Devices such as license plate readers and cellphone trackers "can tell whether you stayed in a motel that specializes in hourly rates, or you stopped at tavern that has nude dancers," David Fidanque, director of the American Civil Liberties Union of Oregon, told the Associated Press. "It's one thing to know you haven't violated the law, but it's another thing to know you haven't had every one of your moves tracked."
Gillian Christensen, a spokeswoman for DHS's Immigration and Customs Enforcement agency (ICE), told the Washington Post the database "could only be accessed in conjunction with ongoing criminal investigations or to locate wanted individuals."
According to Christensen, such a system would reduce the amount time required for surveillance and would give agents a greater ability to locate potential threats to public safety.
“It is important to note that this database would be run by a commercial enterprise, and the data would be collected and stored by the commercial enterprise, not the government,” she told the Washington Post.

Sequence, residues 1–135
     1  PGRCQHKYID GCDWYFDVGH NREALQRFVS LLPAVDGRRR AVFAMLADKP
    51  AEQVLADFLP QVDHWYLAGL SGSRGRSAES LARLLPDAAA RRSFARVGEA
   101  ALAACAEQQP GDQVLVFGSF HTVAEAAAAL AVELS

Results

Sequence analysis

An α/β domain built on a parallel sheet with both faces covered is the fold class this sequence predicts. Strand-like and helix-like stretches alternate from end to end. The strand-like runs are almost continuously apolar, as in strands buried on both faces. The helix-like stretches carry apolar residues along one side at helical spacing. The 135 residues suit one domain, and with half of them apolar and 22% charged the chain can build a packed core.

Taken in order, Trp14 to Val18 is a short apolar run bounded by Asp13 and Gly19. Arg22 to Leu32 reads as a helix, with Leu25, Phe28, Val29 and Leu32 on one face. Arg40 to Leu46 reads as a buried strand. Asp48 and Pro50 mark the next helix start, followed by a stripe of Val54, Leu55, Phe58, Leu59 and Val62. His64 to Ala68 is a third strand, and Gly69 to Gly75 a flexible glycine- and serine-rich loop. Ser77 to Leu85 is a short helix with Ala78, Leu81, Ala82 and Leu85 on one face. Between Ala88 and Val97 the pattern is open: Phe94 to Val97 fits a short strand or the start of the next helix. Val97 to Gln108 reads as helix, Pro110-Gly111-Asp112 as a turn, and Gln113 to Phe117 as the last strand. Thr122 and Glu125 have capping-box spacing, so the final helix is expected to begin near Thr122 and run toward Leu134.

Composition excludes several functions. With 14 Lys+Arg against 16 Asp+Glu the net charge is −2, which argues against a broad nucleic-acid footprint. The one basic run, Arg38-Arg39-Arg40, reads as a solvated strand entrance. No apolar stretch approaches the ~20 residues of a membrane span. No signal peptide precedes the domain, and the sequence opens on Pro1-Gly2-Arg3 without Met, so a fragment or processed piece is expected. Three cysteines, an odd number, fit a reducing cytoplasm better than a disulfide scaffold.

In some states, the use of this technology is getting nasty. In Utah, a company that makes automated license plate readers sued the state government over a new law there intended to protect drivers' privacy.
Florida driver Justin Davis thinks this would be an invasion of privacy.
"It’s becoming too much," Davis told Orlando TV station WFTV. "(The tracking system) could be used to pull somebody over or harass them."
In 2012, WFTV reported Orlando police had scanned more than 38,000 plates, but only 557, or 1.4 percent, were connected to criminals.
Privacy advocates warn that a federal database collecting license plate information could be a slippery slope.
“People who trust the government might say, ‘What matters, I have nothing to hide,’” said Jim Harper with the Cato Institute. “People who don't trust the government might worry because they worry about a future where the government isn't as friendly as it is today.”
—The Associated Press contributed